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On the western verges of the San Fernando Valley, surrounded by an array of custom-constructed instruments — mammoth steel drums, a gamelan metallophone, and the awe-provoking Baschet Cristal, whose spiky protrusions suggest a Mars Rover as much as anything musical — film composer Cliff Martinez wages war with the ordinary. He has hewn a singular path in the scoring of contemporary cinema by channeling his imagination through this gallery of unique musical implements. Influenced by developments at the radical fringes of music making, pulling notes from minimalism and ethnographic melodies alike, Martinez has lent his talents to a diverse assortment of movies and in so doing, has pointed toward the horizon, to what film music could become.

Certainly his recurring collaborations with pathbreaking directors on the order of Steven Soderbergh (Traffic, Solaris) and Nicolas Winding Refn (Drive, Only God Forgives) have done much to cement Martinez as a composer whose output seems always to point toward emerging trends in film scoring. The roster of other recent films abetted by Cliff Martinez scores includes The Lincoln Lawyer, Spring Breakers, Arbitrage and War Dogs. At the time of this writing, two of Martinez’s latest projects are due for theatrical release: The Foreigner, Martin Campbell’s revenge drama framed by Irish terrorism; and director Refn’s latest, The Neon Demon, with its surreal depiction of jealousy and fatal, vampiric obsessions.

Cliff Martinez was born in the Bronx and raised in Ohio, moving to California in 1976, just in time for the upheaval occasioned by punk. His stints as drummer for The Weirdos, Lydia Lunch, Jim Thirwell, The Dickies and most notably The Red Hot Chili Peppers, variously preceded and followed a resume item of signal importance in Martinez’s past, the evidence of which is close at hand. The front hall of the composer’s Topanga Canyon home-cum-studio sports framed album art from the landmark late ‘60s album Trout Masque Replica, signed by “Don,” a testament to Cliff’s one-time role as drummer in the final incarnation of legendary iconoclast Captain Beefheart’s (a.k.a. Don Van Vliet) Magic Band.

It could not have been an altogether bad thing, to be caught up in the mounting buzz surrounding the Red Hot Chili Peppers in the early years of the 1980’s. Cliff Martinez was the drummer and co-writer on that band’s first two albums. His stint with the Peppers came with corollary benefits, such as the band’s rehearsing for months at a stretch in the Detroit living room of their producer, Funkadelic overlord George Clinton. But it was during this period that the band’s drummer spent increasing amounts of studio time in thrall to a recently introduced sampling drum machine, a device that, to Cliff’s mind, held the potential of an entire band within a box. In part, it was his investigation of advancements in music technology that would lead ultimately to Martinez abandoning rock drumming for a career in film scoring.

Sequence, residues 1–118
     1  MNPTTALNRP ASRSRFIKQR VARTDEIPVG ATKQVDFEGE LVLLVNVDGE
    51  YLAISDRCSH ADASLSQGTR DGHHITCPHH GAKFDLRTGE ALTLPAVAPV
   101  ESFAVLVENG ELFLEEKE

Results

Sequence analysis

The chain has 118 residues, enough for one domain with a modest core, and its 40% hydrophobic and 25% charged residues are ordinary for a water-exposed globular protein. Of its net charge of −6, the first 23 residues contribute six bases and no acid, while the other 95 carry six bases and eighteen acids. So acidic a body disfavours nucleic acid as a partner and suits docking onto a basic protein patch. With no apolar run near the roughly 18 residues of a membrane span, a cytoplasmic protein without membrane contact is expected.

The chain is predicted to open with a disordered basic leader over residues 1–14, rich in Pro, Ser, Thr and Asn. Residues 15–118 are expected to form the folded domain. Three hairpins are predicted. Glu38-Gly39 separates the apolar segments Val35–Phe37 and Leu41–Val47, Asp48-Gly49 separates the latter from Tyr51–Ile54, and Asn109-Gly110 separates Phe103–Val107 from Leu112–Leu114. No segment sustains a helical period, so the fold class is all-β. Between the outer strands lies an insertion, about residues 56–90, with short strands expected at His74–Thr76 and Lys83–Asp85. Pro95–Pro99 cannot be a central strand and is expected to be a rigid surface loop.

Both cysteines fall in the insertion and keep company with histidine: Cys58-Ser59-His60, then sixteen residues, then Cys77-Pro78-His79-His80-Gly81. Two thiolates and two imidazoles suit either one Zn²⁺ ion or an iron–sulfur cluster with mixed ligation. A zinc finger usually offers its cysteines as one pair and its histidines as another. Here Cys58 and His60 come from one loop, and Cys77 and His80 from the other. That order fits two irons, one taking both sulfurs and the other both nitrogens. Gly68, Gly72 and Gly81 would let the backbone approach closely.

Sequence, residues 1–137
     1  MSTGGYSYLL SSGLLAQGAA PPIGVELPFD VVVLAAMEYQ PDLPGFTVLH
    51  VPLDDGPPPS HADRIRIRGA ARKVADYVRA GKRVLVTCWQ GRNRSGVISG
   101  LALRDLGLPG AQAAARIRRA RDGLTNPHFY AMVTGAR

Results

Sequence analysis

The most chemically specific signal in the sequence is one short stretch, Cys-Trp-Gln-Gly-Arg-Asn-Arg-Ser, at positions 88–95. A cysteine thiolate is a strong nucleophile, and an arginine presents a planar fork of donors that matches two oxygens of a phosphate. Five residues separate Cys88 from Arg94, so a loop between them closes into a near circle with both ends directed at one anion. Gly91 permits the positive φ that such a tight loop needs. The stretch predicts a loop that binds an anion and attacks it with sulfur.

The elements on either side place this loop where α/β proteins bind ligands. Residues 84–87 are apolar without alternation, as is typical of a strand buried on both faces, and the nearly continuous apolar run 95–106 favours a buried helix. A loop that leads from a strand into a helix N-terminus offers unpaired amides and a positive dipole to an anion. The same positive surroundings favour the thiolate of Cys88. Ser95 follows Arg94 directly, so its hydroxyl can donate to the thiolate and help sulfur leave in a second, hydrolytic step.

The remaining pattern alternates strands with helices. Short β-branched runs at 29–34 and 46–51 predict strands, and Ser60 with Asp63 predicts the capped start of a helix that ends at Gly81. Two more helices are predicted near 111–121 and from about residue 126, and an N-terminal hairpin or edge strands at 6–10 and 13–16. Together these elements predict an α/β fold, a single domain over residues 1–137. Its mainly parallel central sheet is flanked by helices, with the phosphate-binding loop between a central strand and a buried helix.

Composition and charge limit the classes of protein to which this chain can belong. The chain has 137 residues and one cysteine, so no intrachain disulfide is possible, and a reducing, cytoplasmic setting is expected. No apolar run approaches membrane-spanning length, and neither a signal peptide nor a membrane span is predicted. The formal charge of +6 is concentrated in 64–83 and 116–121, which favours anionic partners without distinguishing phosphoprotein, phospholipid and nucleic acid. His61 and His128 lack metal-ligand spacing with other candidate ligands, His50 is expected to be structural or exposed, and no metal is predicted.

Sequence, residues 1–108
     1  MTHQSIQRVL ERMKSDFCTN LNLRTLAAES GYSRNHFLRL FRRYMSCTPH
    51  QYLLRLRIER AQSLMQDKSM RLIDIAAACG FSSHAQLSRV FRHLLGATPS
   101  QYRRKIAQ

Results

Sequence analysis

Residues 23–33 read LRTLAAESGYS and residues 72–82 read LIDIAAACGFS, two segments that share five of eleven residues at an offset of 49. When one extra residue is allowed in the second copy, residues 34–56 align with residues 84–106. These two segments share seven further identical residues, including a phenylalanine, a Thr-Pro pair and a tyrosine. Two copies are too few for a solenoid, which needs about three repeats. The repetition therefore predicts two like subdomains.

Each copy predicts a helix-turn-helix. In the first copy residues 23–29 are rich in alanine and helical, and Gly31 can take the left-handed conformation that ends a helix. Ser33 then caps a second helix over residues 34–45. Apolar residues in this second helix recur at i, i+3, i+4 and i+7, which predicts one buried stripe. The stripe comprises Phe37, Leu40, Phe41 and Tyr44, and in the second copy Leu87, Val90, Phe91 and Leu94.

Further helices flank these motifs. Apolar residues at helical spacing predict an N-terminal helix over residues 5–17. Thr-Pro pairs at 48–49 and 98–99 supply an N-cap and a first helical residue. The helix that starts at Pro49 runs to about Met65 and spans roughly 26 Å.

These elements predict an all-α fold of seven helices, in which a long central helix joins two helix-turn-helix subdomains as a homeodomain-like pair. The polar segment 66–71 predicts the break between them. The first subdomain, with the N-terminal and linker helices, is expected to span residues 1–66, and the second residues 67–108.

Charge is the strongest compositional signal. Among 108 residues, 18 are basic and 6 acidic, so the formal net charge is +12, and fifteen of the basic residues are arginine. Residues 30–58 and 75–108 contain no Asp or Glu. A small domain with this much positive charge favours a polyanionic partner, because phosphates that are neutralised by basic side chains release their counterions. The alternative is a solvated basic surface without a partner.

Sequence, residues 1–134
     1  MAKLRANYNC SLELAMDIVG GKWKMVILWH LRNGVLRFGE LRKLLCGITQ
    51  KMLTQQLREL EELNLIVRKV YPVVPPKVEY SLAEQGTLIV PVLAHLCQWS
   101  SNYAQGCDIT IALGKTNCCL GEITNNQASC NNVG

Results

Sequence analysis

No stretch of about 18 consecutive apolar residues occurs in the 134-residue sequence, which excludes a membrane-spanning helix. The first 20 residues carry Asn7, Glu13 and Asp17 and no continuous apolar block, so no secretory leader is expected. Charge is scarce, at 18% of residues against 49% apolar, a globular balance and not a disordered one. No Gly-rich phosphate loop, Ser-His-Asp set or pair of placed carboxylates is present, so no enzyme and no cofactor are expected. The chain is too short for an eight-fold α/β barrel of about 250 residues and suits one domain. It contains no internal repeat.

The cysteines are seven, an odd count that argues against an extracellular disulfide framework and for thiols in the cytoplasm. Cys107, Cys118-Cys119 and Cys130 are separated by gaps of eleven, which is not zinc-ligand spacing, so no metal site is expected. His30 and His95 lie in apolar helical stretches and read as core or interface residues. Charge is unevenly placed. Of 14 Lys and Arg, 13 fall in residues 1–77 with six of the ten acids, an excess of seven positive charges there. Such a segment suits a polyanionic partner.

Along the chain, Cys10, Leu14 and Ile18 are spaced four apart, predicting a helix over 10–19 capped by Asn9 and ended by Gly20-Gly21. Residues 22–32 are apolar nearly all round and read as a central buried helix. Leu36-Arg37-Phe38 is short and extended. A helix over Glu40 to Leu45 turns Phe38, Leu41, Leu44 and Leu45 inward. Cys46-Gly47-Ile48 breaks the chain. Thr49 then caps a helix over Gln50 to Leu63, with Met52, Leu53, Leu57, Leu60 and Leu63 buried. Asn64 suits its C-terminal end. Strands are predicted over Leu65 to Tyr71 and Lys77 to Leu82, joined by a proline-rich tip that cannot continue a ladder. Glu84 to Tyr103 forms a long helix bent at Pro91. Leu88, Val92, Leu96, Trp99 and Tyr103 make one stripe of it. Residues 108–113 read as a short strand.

Cliff Martinez’s entrée into music for film happened by serendipitous means, when a tape collage he had constructed (“Several of my friends making aggressively weird noises, which I assigned to pads on a MIDI percussion controller.”) led to an opportunity to score an episode of comedian Paul Reuben’s transgressive mid-‘80s TV hit, Pee-Wee’s Playhouse. That same sound collage was heard, in turn, by Steven Soderbergh. Prior to his rise to prominence, director Soderbergh tapped budding composer Martinez to provide the music for the former’s first theatrical release, sex, lies and videotape. The film’s success launched a new era of independent filmmaking, did much to establish the Sundance Festival as an arbiter of new directions in cinema and put Cliff Martinez in the ring as a contender within the latest crop of film composers.

Martinez has since composed scores for many of Steven Soderbergh’s films. The hammered dulcimer that wends throughout Kafka; the seasick piano portending the violence concluding The Limey; the amalgam of steel drums and ambient textures drifting in deep space during Solaris; all these were conjured in Cliff’s studio, as were other Soderbergh scores such as Gray’s Anatomy, Schizopolis and Traffic, the latter winning four Oscars and earning an Oscar nomination for its music. Martinez reunited with the director for his successful 2011 pandemic drama Contagion. Soderbergh’s venture into episodic television, The Knick (a 2014 series for Cinemax), had at its core a daring juxtaposition, successfully pitting an all-electronic Martinez score against a period setting, the gritty mise-en-scene of a Victorian-era English hospital.

In addition, Cliff’s ability to balance themes both idiosyncratic and heartrending has imbued critical favorites such Pump Up The Volume (1990), Wicker Park (2004) and the 2003 feature Wonderland with tonal palettes unlike any heard elsewhere in movie theaters. For the latter, Martinez conjured airy timbres unique to the Baschet Cristal. (According to Cliff, the Cristal “Works marvelously during crime scenes, especially those featuring huge plumes of blood on the walls.”) More impressive still was his depiction of sordid mystery at the core of director Joe Carnahan’s Narc (2002), comprising tweaked-out synthetic bass lines culled from electronic dance music and keyboard timbres swathed in digital vapor.

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